Since the dawn of man, cultures have been capturing images of themselves, their gods, and their lives in some form or another. Starting early on with cave drawings and then carving images out of stone. It is an important way that people have shared their beliefs and passed down their stories through time. This week’s Daily Post Photo Challenge is Heritage, so we decided to share some photos from Tiwanaku. The civilization that created these statues inhabited the areas of Bolivia and Peru over three-thousand years ago. Looking at their artwork is a window into the culture of these very mysterious, but sophisticated people.
Walking through the ruins of Tiwanaku brings both a sense of fascination and yearning for more. This once great capital fills you with a sense of mystery, both because of the seemingly impossible building methods used by the inhabitants over two-thousand years ago as well as the lack of knowledge that we’ll ever have because of the condition of the ruins. This site could have been as impressive as Machu Picchu had it been taken care of and preserved over time, but lack of care and serious excavation has left it in a state that leaves you wanting to see more. Unfortunately, many of the stones that originally made up Tiwanaku are now used in the walls of the homes in the surrounding villages. It has also suffered from a lack of preservation by the Bolivian government, which doesn’t seem to have the same sense of history, despite the fact that it is a UNESCO World Heritage Site.
As with pretty much everything that we visited while in Bolivia, when we walked through the ruins of Tiwanaku, we were virtually by ourselves. Other than the small market outside of the site, hoping to sell trinkets to whatever tourists made their way to visit this important piece of history, we walked the trails along the walls of the ancient city alone. Our guide, Ricky, told us of the history of Tiwanaku, which dates back to about 200 B.C. or possibly even earlier. Most of the remaining ruins are those of the three temples that celebrated the three worlds revered by the inhabitants of Tiwanaku, Heaven, Earth, and the Underworld. It isn’t the Heaven and Hell of the Judeo-Christian beliefs, but simply the belief that there were three different worlds that their gods inhabited. Our understanding is that the pre-Incan people that inhabited Tiwanaku believed that all life on earth came from the depths of Lake Titicaca, which was much larger back when Tiwanaku was a bustling metropolis and its shores probably extended to the site of the ruins.
One of the greatest questions about the buildings, which pre-date Machu Picchu, was the skill in which the stones of the walls were carved to fit perfectly, without any gaps and without any kind of mortar. Scientists have tried to recreate building the walls without the use of modern equipment and have not been able to replicate the work done by those ancient people so long ago. And, as with other ancient sites such as the pyramids of Egypt, large stones were quarried miles away and somehow carried to build these temples, a feat that is seemingly impossible. That has led some people to speculate that perhaps the ancient people of Tiwanaku had help from some sort of extra-terrestrial beings, but it is far more likely that they just had skills and techniques that have been lost over time.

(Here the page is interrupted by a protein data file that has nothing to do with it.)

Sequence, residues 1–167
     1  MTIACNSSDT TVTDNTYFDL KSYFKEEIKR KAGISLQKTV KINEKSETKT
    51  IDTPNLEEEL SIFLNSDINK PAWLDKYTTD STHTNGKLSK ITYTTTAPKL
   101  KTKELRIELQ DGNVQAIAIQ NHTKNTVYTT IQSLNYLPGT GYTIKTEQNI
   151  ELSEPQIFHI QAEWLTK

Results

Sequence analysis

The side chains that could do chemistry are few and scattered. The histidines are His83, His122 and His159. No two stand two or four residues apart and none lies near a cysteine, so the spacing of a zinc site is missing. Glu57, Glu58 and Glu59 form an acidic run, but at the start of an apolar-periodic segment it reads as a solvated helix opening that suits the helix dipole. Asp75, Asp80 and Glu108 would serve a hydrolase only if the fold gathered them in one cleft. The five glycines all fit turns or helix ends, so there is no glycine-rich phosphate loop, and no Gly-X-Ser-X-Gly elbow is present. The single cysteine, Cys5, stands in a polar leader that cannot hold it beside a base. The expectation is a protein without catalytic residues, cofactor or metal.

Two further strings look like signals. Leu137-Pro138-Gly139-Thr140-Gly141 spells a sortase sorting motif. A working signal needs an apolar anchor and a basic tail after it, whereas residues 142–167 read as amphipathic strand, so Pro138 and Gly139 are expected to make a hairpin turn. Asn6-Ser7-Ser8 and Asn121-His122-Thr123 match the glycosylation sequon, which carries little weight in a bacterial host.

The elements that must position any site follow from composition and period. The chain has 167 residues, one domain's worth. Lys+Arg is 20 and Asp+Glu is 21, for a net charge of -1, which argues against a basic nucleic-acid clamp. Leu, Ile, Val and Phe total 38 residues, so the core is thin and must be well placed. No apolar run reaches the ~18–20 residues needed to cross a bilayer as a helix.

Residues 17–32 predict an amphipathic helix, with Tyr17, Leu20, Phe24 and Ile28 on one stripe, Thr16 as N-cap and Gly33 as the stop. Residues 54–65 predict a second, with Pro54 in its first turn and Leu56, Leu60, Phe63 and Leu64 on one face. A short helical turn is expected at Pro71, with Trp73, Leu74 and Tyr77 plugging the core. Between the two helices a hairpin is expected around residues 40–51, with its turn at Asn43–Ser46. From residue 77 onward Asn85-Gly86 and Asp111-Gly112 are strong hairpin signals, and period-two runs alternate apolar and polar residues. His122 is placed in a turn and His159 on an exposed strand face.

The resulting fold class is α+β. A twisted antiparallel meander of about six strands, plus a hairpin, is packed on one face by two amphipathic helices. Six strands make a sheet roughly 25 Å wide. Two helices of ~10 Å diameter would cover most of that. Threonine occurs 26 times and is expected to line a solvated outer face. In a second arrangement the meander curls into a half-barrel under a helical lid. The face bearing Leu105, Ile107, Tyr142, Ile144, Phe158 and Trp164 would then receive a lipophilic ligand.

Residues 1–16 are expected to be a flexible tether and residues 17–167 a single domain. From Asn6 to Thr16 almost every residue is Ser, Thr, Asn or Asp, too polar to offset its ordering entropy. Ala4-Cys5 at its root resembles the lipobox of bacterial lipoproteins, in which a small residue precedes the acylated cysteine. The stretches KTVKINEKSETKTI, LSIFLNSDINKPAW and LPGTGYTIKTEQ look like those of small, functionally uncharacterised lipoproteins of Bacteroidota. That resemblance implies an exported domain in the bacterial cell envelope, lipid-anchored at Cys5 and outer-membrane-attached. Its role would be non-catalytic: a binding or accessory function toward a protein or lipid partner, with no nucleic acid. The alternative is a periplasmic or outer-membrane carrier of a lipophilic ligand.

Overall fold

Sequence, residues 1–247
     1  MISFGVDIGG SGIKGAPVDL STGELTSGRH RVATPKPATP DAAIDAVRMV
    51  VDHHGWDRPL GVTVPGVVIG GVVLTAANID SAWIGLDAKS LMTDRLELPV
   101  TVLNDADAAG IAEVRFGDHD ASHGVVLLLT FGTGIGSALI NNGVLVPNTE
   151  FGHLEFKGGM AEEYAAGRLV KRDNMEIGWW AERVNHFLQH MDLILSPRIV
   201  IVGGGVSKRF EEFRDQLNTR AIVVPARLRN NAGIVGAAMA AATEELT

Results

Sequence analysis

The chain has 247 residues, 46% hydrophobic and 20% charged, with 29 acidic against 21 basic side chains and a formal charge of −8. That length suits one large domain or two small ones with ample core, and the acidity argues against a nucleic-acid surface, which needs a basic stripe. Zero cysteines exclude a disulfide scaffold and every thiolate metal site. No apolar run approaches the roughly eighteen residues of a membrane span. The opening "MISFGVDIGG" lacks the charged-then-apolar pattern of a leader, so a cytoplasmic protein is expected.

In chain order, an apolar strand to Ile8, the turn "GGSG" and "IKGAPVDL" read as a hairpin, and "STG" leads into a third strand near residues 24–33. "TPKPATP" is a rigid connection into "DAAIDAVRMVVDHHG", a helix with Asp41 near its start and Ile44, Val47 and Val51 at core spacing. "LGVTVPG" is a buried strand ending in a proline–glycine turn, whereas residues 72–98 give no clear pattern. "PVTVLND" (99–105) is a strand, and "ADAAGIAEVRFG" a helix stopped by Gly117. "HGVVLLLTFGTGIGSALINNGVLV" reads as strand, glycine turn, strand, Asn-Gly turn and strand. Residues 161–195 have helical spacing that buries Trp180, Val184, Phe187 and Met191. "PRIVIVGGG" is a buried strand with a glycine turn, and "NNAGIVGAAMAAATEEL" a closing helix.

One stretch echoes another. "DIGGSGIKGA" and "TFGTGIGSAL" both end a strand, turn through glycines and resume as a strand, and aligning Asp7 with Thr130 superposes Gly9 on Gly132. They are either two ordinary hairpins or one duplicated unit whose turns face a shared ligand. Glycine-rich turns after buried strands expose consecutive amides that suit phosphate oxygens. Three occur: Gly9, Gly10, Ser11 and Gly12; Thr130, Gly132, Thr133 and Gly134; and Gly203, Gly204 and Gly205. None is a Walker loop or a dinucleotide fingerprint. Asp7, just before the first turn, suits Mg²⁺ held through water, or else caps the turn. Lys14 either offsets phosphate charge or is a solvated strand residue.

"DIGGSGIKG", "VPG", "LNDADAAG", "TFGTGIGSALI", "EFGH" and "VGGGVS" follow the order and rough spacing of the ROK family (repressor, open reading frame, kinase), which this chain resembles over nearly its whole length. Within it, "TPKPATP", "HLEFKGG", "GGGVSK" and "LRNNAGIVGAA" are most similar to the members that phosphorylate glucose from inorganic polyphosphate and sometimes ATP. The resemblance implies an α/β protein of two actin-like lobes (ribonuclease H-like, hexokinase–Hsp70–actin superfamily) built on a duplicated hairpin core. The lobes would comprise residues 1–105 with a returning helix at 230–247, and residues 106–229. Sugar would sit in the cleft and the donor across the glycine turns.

The fact that some people believe in the myth was not lost on our guide. Inside one of the temples, all along the walls were stone carvings of faces. Ricky told us that ancient people of Tiwanaku would carve the faces of the important people who helped build the empire, perhaps the same way that the early Presidents of the United States were immortalized at Mount Rushmore. Then he pointed to a face that didn’t look much like the other faces and intimated that they even included the face of an alien being. Ricky’s smile let us know that it was just his usual joke to play with any naïve tourists.
We enjoyed seeing some of the amazing things that still remained though, including the “Gate of the Sun”, which we were told contained an ancient calendar. One could easily imagine the ancestors of the Amarya people using the different stone structures as a celestial calendar to determine the seasons. The site itself is very vast and there apparently has been some recent attempts to use ground penetrating radar to determine if there are more ruins to be found in the surrounding area, perhaps buried just below the surface. As we stood at the site where the priests would recite prayers and give speeches to the people, Ricky explained that there were other stone platforms every few hundred yards where lower priests would repeat the words of the head priest so that all of the people in the large city could hear what was being said. It takes a little imagination, standing there pretty much alone in these ruins, to envision it filled with thousands of ancient people.
It isn’t our intention to provide a history lesson on Tiwanaku or any place else that we visit, we just want to describe what it was like to be there, tell a little about what we learned, and share our passion for seeing unique and interesting places. Tiwanaku, despite its condition, was still definitely awe inspiring. Walking amongst temples that were built in South America long before Europeans would make their way to the shores of these lands and eventually conquer its people, provides a brief glimpse into where the distinct pride displayed by every Bolivian we met must come from. There once was a vast empire long before the Inca empire that most people are aware of. We would see many more temples from the Inca empire during our trip, but the history of Tiwanaku made it a very special part of our trip.